When reasoning is enabled during the constraint validation process, Stardog enforces constraints on the inferred graph. To the user the result looks exactly the same as if all inferences had been explicitly put into graph, and then the graph was validated. However, since inferred statements are not explicitly in the graph but still impact the validation outcome, they need to be explained similarly to query results, that is, using proof trees.

Interpreting statistical predictions

Machine Learning

In contrast to inferences, there are no well-established formal definitions for explanations from ML models.

Instead, an informal property that is desired for ML models is often called interpretability. It is sometimes formulated as the degree to which a human can understand the causes of particular model predictions or the degree to which a human can predict the model’s result for a particular input. Similar to explainable logical deductions, interpretable ML predictions are more trusted by human users and help tuning models.

As briefly mentioned in the introduction, there are two principal approaches to interpreting predictions of ML models. One is restricting attention to the so-called interpretable models. The prime example of this is a decision tree where every conclusion can be easily traced back through all the decision nodes, thus explaining how the conclusion was drawn. The other includes decision rule systems and, to a certain extent, linear regression models.

Model-agnostic approaches to interpretations, on the other hand, treat ML models as black-boxes, similar to black-box explanations used for inferences. The main advantage here is that they are not specific to a particular kind of ML model, which makes them attractive for systems like Stardog that support multiple ML models. This approach means more ML model types may be added in the future and that there are no restrictions on the model’s internal complexity motivated by the interpretability requirement. Finally, supporting multiple model-agnostic interpretations enables the user to see why the model made a particular prediction from different perspectives, something which is typically not possible by using only glass-box interpretations supported by the model itself.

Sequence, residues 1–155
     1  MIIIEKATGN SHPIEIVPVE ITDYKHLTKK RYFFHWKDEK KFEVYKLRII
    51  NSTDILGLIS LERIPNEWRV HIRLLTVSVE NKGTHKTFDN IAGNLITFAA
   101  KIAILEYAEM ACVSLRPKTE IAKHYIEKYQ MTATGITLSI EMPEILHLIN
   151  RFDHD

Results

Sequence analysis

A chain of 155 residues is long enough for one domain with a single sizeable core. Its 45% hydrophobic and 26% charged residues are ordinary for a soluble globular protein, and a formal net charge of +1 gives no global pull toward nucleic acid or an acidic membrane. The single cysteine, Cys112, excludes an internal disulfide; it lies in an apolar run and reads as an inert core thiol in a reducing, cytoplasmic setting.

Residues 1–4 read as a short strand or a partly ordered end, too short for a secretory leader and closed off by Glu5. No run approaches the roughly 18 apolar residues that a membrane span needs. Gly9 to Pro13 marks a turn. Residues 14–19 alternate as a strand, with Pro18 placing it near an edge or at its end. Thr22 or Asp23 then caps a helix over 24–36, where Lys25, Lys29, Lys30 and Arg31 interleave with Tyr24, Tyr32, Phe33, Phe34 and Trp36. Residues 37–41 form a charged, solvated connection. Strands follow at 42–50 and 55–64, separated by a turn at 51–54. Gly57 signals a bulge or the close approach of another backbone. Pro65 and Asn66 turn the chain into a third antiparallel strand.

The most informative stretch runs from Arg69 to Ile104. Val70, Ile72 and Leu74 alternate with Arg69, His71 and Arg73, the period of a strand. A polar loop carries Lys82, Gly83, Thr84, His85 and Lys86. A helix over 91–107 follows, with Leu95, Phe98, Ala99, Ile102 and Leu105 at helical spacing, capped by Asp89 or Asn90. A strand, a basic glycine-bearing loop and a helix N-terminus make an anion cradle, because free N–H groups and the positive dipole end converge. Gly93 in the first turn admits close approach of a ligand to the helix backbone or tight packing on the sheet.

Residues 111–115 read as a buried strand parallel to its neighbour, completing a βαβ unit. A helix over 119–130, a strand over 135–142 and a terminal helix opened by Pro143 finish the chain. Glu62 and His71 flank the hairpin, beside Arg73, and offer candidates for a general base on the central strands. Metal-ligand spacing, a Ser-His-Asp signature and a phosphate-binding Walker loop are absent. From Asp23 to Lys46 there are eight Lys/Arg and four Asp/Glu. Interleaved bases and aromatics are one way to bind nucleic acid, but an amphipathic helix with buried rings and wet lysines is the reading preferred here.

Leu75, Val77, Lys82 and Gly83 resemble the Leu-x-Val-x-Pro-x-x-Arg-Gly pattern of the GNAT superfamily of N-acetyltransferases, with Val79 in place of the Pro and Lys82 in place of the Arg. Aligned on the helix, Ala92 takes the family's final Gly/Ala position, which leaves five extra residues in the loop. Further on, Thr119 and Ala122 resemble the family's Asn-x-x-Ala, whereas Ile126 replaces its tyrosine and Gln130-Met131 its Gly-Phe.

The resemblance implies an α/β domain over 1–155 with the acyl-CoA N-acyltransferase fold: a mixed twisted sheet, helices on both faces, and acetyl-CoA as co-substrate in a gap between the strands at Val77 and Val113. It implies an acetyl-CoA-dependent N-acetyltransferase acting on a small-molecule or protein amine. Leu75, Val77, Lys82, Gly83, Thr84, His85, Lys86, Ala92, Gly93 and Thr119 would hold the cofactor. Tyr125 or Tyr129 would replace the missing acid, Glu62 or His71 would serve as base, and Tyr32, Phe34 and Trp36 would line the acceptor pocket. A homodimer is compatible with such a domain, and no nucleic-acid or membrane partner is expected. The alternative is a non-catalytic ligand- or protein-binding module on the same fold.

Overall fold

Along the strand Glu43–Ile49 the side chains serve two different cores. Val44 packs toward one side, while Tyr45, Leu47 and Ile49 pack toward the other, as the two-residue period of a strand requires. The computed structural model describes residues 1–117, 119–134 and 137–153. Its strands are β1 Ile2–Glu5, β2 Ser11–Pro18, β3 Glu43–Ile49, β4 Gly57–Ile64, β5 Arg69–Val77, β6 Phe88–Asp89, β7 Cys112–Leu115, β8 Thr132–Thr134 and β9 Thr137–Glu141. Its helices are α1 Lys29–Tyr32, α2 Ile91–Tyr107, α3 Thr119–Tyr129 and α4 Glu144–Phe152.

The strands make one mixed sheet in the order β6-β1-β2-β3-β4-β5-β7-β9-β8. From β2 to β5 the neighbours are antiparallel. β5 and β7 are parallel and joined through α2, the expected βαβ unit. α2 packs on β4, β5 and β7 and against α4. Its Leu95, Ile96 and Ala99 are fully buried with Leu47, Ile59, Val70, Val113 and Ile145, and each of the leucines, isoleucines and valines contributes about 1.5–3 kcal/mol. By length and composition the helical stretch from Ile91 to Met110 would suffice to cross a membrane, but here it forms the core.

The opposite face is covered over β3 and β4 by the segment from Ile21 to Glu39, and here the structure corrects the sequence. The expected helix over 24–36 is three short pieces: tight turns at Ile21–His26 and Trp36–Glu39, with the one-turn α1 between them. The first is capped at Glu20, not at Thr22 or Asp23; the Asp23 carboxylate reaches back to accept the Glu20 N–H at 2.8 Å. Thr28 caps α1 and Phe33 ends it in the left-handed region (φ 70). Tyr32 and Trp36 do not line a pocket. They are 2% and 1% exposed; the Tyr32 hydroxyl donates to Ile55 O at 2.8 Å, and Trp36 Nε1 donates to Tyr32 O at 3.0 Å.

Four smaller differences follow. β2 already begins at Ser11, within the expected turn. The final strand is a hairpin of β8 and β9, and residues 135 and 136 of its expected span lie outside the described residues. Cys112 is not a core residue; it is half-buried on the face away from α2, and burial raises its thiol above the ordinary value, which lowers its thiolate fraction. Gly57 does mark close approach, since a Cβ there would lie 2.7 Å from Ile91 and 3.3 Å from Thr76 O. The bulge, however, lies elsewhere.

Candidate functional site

Partial Dependence Plots

Today, Stardog does not include implementations of model-agnostic methods out-of-the-box. However, the seamless integration of ML models makes it easy to generate interpretations by feeding SPARQL query results into the model.

One such interpretation method is Partial Dependence Plots (PDP). The PDP shows the effects of a particular feature on the predicted outcome. Given a set of values for the given (numerical or categorical) feature, the goal is to compute a model prediction which is characteristic for that value. The easiest way to do this is to assign the given value to all data points while keeping their other features intact, compute predictions, and then average them. The result is a model prediction as a function of a single feature characterizing the weight of the feature in the model. Describing the model as a collection of single argument weight functions — one per feature — is a way to interpret the model and its predictions.

Consider an example: a box office-earnings prediction model where predictions are made with the following SPARQL query:

  graph spa:model {
      :myModel  spa:arguments (?director ?year ?budget) ;
                spa:predict ?boxoffice .

  :TheGodfather :directedBy ?director ;
                :year ?year ;
                :budget ?budget .

Each data point (a movie) has three features: director, year, and budget. We can show the effect of a particular feature on a predicted outcome using PDP.

Suppose there are 100 film directors in the knowledge graph and 10,000 movies. For each director, PDP would compute the impact by assigning this director to every movie (while keeping other features fixed), feeding these new data points to the model, computing box office predictions, and averaging them. The same would be done for similar numerical features which require discretization. As a result, the model is interpreted using relations between features and predictions which are often visually plotted for the user.

The advantage of this approach is its simplicity and clear interpretation: it shows how predictions change (on average) when feature values change. It also is very easy to implement in Stardog, since all inputs to the model can be generated with simple SPARQL queries similar to the one above.

The main weakness of PDP is that it assumes there’s no correlation between features. If there are, then the newly generated data points may be meaningless, essentially outliers. For example, if a particular director works only on movies with large budgets, it would be illogical to assign it to data points with low budget as prediction for such a film could be arbitrary.

There are similar methods for constructing functions and relating features to predictions, such as Accumulated Local Effects that address these issues. As with PDPs, Stardog’s Knowledge Graph makes them easy to implement by leveraging graph queries to generate inputs for ML models so the returned results demonstrate connections between premises and conclusions.